A Dietitian’s Response to the CrossFit Journal

 

CrossFit is well known for having a long list of “haters”. After a blog post put out by the CrossFit Journal this week, you can likely add a lot more Registered Dietitians to that list. As a Registered Dietitian and Certified Personal Trainer who does “drink the CrossFit koolaid” so to speak, at least as it relates to the functional fitness model, I’m here to share my thoughts on this blog post bashing my profession.

Credit: @hai_intensity

This CrossFit Journal piece is very much an attack on the nutrition policy and governmental nutrition recommendations, as well as the Academy of Nutrition and Dietetics, the governing body of Registered Dietitians. For those outside the field of nutrition and dietetics (such as the author), it may be surprising to know that a large percentage of us RDs also disagree with many of the positions of the AND. In fact, there are very few dietitians I know who fully support the dietary guidelines or agree with recommendations like MyPlate.  I personally continue to debate whether I want to remain a member of the Academy and I wholeheartedly agree that we have a long way to go when it comes to systematic reform. Flaws exist on many levels—the undergraduate programs in nutrition, dietetic internship, the RD exam itself and of course, continuing education for practicing RDs.

But things are changing in our field, however slowly. The good news is that, like most CrossFit affiliates, dietitians have the autonomy to practice in different ways within our scope of practice after completing the standardized education and training. We have to adhere to a code of ethics indicating that we will not and cannot practice outside of our scope. Unless we have a dual licensure or certification (such as a personal trainer credential), we literally cannot speak to fitness or training programs. Instead, we must refer out to the experts in those areas. Compare that with how CrossFit founders, coaches and trainers practice.

Before I get any further in, I want to be clear that A) I respect the author’s credentials, background and experience as it relates to fitness and CrossFit  and B) I don’t believe he is incorrect in calling out some of the concerns within the AND. That being said, I still have plenty of bones to pick with his post and feel it’s absolutely unacceptable to state that trainers are better qualified than RDs to provide nutrition education. I also understand that this is a highly controversial discussion, so while I encourage feedback and welcome arguments, I ask that it be respectful and professional. For the sake of organization, I’ve pulled out a few specific quotes to share my thoughts on each. Let’s do it!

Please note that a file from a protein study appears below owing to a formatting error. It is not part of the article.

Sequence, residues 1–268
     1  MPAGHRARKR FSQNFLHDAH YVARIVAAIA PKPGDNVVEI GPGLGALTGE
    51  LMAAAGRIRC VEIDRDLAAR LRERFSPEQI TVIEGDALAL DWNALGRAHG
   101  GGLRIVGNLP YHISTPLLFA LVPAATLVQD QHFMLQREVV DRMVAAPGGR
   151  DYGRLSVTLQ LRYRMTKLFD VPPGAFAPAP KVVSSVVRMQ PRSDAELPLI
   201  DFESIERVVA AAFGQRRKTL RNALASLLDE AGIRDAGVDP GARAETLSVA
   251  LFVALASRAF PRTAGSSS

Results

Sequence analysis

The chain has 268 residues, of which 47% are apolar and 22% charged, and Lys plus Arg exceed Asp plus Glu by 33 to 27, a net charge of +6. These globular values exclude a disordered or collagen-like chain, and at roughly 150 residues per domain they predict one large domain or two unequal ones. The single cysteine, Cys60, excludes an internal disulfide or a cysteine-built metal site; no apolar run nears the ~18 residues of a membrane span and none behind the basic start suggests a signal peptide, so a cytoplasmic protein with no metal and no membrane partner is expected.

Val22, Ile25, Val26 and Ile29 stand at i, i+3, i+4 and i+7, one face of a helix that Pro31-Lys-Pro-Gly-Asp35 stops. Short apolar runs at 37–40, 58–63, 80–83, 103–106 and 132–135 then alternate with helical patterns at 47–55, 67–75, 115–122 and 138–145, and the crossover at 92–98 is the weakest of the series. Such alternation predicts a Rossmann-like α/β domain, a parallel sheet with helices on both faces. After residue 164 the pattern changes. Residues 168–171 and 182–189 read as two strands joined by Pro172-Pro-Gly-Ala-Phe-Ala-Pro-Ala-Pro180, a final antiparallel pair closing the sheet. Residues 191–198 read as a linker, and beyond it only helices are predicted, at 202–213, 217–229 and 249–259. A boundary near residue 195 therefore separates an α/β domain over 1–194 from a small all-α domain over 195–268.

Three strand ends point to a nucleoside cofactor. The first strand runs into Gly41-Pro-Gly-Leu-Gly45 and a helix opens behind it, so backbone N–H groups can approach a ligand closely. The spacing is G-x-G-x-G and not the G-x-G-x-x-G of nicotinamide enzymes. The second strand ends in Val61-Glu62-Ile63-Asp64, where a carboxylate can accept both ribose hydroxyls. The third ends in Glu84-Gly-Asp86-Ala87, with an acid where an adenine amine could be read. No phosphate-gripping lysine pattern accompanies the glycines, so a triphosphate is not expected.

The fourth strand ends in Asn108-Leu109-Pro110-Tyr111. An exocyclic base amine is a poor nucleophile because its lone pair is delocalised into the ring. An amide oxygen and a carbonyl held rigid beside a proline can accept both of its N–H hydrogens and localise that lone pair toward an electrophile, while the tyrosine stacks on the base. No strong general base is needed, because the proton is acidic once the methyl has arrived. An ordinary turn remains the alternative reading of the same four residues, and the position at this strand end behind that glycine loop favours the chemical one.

“The group purposefully extends its advice beyond the clinical, extrapolating it to the general public and to people who exercise.”

The author’s argument here is that dietitians who focus more on clinical nutrition and may have little to no education in fitness or exercise should not be providing recommendations for “healthy” populations in the fitness realm. Sure, there are many RDs who practice in clinical settings using Medical Nutrition Therapy and I would wholeheartedly agree that those dietitians are not the ones who should be speaking to nutrition as it relates to athletes (of most any level).  Just like you wouldn’t go to a CrossFit gym or listen to a trainer with no functional fitness experience, don’t go to a dietitian who works solely with diabetes or kidney disease when you’re looking for sports nutrition advice.

Assuming that all Registered Dietitians only work in or focus on clinical therapeutic nutrition is incorrect and uneducated about the field. No, not all Registered Dietitians are qualified to speak to nutrition as it relates to sports performance and fitness. Just like physicians, many Registered Dietitians specialize in areas of treatment and counseling, sports nutrition being one of them.  I asked my friend and colleague Kelly Jones, MS, RD, CSSD to weigh in on this as well.  Kelly herself has experience as a CSSD, a graduate degree in exercise nutrition and teaches sports nutrition at the college level. She also consults for a large fitness club and has written programming for several other fitness facilities, too. In fact, there are almost 1000 RDs with an additional CSSD credential (Certified Specialist in Sports Dietetics) and plenty of us working toward that credential by logging hours working with sports nutrition under mentors. The Sports, Cardiovascular and Wellness Nutrition (SCAN) dietetic practice group  also has over 7,000 members. Kelly notes that “SCAN regularly collaborates with not only the NCAA to create educational materials for division I athletes, but has also built a partnership with NATA and has begun forging a partnership with NSCA.” I’d advise trainers to seek out RDs with these additional certifications as well as ones focused on fitness and exercise such as CPT or CSCS.

“But if we consider one single indicator—obesity—it is quite clear the dietetic initiatives that have been in play for the past few decades have not made any progress in reducing or preventing obesity.”